Rats, roaches and Airbnb: Prospect-Lefferts Gardens tenants sue landlord
Update (3 p.m.): An Airbnb representative told the Brooklyn Eagle that Airbnb is “actively investigating” the listings mentioned.
Tenants of three Prospect-Lefferts Gardens buildings protested alleged harassment from their landlord on Tuesday evening – hours after they filed a lawsuit in Kings County Supreme Court against their landlord.
The group of 10 tenants of 599 Flatbush Ave., 607 Flatbush Ave. and 611 Flatbush Ave. filed a suit alleging that their landlord, the Shasho family, routinely harasses them, cuts off their heat and hot water and refuses to make repairs — all because their units are rent-regulated.
The tenants claim the landlords have gone so far as to deliver live rats, mice and roaches inside “refurbished” appliances just to scare them off.
The lawsuit names Miriam, William, Richard and Michelle Shasho, along with their companies First Kings Management LLC and 611 Flatbush Ave. Realty Corp., as defendants. Miriam Shasho and 611 Flatbush Ave. Realty Corp. landed on the Public Advocate’s 2013 list of New York City’s worst landlords.
Tenants, some of whom have lived there for 40 years, claim the Shasho family wants them out to gut-renovate apartments and turn them into illegal Airbnb rentals.
The tenants gathered outside the buildings to protest Tuesday night, along with their lawyer, activists and friends.
Sophia Sallas-Brookwell — who has lived at 607 Flatbush Ave. for a year — pointed at a woman and her child entering the building and said they were Airbnb renters.
Sallas-Brookwell, who is white, said Airbnb renters often speak to her instead of other tenants, who are mostly people of color. She was grateful that some of the people who rented at the building were willing to show tenants where they’d found the rentals online.
“We’ve aggregated some of the listings through their cooperation,” Sallas-Brookwell said.
The Airbnb rental apartments come with air-conditioning, coffee machines and flat screen TVs, the tenants say. The lawsuit alleges that the rentals violate New York State’s Multiple Dwelling Law and City’s Rent Stabilization Code.
Airbnb strongly opposes landlords who evict tenants with the purpose of renting their space on a short-term basis. There is an ongoing need for a comprehensive, statewide bill that would provide for strict recourse against illegal hotel operators while protecting the rights of thousands of regular New Yorkers who are responsibly sharing their home,” said Liz Debold-Fusco, who works for Airbnb.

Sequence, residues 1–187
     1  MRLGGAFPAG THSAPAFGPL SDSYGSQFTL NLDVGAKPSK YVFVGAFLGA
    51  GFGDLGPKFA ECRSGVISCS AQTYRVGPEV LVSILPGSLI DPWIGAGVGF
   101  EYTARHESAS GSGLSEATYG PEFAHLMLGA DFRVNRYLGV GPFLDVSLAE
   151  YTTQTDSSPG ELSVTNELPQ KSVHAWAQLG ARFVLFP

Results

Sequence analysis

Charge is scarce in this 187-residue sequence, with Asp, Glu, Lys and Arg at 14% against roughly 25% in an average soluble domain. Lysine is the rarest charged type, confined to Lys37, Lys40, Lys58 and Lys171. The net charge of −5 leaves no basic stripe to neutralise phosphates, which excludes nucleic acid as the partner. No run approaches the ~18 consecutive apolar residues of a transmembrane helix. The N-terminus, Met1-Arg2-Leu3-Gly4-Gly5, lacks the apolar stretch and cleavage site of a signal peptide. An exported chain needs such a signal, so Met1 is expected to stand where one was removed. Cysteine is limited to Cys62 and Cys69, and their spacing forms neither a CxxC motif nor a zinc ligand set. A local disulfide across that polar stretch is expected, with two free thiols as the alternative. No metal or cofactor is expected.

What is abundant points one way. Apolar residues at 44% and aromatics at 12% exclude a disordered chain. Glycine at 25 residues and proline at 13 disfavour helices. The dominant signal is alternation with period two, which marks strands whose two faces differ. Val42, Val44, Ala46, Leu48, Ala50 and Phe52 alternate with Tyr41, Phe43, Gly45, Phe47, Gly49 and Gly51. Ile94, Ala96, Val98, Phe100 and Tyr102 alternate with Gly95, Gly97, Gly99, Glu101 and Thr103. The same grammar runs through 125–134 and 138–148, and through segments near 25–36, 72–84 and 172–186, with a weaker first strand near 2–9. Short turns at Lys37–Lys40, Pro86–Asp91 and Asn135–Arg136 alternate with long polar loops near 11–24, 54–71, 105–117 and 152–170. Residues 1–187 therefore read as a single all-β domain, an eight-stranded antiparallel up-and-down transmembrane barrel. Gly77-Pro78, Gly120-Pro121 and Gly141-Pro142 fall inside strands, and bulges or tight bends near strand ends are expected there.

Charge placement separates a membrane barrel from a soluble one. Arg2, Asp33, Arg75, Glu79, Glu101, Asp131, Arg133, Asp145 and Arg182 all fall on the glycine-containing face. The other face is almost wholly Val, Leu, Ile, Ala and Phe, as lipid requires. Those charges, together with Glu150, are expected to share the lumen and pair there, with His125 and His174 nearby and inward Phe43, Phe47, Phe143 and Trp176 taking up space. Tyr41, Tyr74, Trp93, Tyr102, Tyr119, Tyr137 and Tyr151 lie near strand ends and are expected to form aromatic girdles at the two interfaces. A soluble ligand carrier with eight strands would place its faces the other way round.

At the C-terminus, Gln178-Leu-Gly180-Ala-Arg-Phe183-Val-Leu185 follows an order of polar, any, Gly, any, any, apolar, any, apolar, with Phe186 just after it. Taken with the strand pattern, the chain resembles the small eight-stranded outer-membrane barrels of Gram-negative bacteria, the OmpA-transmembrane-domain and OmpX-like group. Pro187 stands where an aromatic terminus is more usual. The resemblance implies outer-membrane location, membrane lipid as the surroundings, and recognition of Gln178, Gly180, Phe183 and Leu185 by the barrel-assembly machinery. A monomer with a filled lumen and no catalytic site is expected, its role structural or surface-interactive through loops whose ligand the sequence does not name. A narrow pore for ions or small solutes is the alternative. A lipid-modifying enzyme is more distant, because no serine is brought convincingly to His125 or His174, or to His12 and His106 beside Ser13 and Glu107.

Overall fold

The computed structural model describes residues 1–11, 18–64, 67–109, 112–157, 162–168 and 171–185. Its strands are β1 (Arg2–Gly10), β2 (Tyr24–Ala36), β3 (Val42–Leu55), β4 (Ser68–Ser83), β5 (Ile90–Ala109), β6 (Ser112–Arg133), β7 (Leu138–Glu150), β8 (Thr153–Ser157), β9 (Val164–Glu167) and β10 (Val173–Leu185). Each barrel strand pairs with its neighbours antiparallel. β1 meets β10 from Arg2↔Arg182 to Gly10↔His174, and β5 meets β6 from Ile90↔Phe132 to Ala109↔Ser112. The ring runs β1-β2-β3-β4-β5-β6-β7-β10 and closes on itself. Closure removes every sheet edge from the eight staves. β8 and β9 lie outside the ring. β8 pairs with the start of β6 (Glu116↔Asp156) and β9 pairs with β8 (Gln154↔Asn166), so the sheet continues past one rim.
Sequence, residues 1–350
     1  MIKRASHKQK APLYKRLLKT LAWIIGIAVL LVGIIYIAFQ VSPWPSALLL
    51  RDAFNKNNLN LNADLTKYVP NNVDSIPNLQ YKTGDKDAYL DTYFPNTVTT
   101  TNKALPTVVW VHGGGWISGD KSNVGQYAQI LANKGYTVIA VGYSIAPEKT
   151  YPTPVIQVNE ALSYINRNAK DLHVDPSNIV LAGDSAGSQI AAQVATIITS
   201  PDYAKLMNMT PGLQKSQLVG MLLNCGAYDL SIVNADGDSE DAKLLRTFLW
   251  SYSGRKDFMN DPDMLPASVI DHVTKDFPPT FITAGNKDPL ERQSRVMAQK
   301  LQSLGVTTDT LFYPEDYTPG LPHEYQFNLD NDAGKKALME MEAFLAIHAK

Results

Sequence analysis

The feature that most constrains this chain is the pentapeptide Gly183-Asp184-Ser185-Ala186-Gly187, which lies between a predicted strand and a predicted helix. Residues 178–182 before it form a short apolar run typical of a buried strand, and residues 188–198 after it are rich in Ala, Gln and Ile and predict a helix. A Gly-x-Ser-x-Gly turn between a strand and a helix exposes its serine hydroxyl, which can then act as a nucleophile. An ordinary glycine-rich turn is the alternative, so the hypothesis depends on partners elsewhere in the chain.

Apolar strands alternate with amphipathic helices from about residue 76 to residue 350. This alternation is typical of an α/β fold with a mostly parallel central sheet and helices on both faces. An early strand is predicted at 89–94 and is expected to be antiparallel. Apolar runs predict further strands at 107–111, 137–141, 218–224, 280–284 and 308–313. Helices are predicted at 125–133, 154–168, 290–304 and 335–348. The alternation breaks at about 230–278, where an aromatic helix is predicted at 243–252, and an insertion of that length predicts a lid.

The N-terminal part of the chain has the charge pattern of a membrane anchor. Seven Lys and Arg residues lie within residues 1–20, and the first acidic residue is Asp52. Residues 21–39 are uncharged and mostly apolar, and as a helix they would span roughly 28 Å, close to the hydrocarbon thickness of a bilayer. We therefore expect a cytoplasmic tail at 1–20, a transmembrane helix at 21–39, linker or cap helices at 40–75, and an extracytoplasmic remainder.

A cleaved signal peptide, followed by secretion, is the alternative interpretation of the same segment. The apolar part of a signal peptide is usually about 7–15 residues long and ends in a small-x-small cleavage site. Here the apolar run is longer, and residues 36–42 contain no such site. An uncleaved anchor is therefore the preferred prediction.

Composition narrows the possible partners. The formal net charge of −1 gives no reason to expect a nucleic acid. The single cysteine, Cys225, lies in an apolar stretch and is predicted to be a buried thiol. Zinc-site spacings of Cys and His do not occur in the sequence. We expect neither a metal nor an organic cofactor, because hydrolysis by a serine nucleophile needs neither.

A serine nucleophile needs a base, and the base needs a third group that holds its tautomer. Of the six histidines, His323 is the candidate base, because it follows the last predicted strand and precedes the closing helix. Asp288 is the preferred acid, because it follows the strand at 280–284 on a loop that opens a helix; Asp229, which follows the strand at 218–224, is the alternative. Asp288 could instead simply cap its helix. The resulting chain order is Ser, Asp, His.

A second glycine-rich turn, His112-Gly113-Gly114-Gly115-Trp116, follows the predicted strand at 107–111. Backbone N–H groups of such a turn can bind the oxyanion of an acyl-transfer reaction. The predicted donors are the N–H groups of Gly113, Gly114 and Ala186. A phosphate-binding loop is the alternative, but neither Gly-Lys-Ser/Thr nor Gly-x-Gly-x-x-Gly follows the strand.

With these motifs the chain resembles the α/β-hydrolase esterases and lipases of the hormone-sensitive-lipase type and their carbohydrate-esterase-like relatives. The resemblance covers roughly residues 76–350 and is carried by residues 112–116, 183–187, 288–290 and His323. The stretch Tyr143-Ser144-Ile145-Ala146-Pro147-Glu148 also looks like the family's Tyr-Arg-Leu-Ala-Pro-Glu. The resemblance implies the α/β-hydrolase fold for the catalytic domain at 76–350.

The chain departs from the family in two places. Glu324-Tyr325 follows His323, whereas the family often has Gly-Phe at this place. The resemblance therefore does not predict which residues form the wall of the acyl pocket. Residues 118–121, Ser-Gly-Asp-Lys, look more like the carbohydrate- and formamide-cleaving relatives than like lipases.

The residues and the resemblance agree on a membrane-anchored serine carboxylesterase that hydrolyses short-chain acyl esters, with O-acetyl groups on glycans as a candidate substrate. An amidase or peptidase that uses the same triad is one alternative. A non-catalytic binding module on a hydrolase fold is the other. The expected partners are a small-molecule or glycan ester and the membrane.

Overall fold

When asked by the Brooklyn Eagle whether Airbnb would consider taking the three Flatbush Avenue addresses in the lawsuit off its website, Debold-Fusco did not offer comment. [See update above.]
The tenants’ attorney, Catherine Frizell, said her clients deserve many of the basic comforts the landlord ensures for Airbnb guests. Instead, she added, they are deprived of services as their landlord attempts to drive them out.
“The goal is that the tenants get the repairs they’re entitled to, that they get heat and hot water,” said Frizell, a Brooklyn Legal Services lawyer. “There’s no doubt that the landlord is trying to get our clients to move out.”
The Shashos did not own 607 Flatbush Ave. when Elizabeth Hayes moved into her two-bedroom apartment in 1981. “They bought it in the mid-’80s,” Hayes said. “They’ve never been great landlords, but it’s gotten worse.”
Hayes said that William Shasho hired a worker who does repairs in the building late at night. “He terrorizes us. He stomps up and down in the hallway. He punches holes in the walls. It’s deliberate. It’s purposefully being done.”
Hayes is a nursing assistant and wakes up for work at 4 a.m. “Sometimes, he does that until 3 a.m.,” she said.
The residents of the three buildings established a tenants’ association that meets once a month to discuss issues with the landlord.
“I’m all for it, because I’m being harassed and they want to displace us,” said Gretelle Phillips, who has lived at 599 Flatbush Ave. since 1980.
In two cases, residents of the buildings have accused the Shashos of providing them “refurbished” amenities — in which the tenants found live animals.
One woman was given a “refurbished” fridge that had a live rat in it, the lawsuit alleges.
Phillips was given a “refurbished” stove. “They brought the stove to me and there were mice and roaches in the stove. I was scared.”
Phillips said she bought her own stove after that. When Phillips moved in in 1980, she was paying $225 in rent. Now she pays $838.94.
Despite her decades of residency in Brooklyn, she said, William Shasho still asks her, “When are you going back to Barbados?”
“I tell him when I’m ready to move I’ll move, not before,” Phillips said.
Follow reporter Noah Goldberg on Twitter.
Leave a Comment
Leave a Comment